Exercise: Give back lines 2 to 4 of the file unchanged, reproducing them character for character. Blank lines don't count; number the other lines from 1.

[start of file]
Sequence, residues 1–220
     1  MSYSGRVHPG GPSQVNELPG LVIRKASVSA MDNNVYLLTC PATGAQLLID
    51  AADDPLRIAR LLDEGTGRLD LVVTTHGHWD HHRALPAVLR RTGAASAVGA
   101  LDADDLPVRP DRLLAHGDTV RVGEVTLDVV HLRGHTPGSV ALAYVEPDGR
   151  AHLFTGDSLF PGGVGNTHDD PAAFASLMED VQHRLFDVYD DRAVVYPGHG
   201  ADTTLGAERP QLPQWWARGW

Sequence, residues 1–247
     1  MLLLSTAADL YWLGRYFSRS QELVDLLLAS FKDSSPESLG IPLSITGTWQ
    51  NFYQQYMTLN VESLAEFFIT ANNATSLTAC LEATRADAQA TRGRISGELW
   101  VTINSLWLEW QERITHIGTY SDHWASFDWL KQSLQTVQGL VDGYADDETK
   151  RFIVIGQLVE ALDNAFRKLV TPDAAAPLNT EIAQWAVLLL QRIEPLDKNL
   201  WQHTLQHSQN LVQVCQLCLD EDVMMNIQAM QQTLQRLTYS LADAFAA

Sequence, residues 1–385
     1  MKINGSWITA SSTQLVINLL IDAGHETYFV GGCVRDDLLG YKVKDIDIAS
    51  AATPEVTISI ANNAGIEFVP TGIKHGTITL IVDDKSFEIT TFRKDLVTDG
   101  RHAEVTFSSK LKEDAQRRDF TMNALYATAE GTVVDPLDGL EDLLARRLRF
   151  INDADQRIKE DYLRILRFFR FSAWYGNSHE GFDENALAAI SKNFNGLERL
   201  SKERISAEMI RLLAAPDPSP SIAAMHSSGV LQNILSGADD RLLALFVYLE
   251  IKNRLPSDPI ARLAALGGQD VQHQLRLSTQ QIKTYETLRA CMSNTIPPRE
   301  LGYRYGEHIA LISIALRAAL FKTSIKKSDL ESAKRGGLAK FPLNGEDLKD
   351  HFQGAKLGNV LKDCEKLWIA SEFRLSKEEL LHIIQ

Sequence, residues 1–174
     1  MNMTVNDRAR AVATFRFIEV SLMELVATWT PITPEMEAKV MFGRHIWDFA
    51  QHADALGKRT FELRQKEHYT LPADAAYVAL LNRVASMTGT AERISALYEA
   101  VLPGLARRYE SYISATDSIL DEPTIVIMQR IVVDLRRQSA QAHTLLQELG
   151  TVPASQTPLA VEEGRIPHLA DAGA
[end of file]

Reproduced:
     1  MSYSGRVHPG GPSQVNELPG LVIRKASVSA MDNNVYLLTC PATGAQLLID
    51  AADDPLRIAR LLDEGTGRLD LVVTTHGHWD HHRALPAVLR RTGAASAVGA
   101  LDADDLPVRP DRLLAHGDTV RVGEVTLDVV HLRGHTPGSV ALAYVEPDGR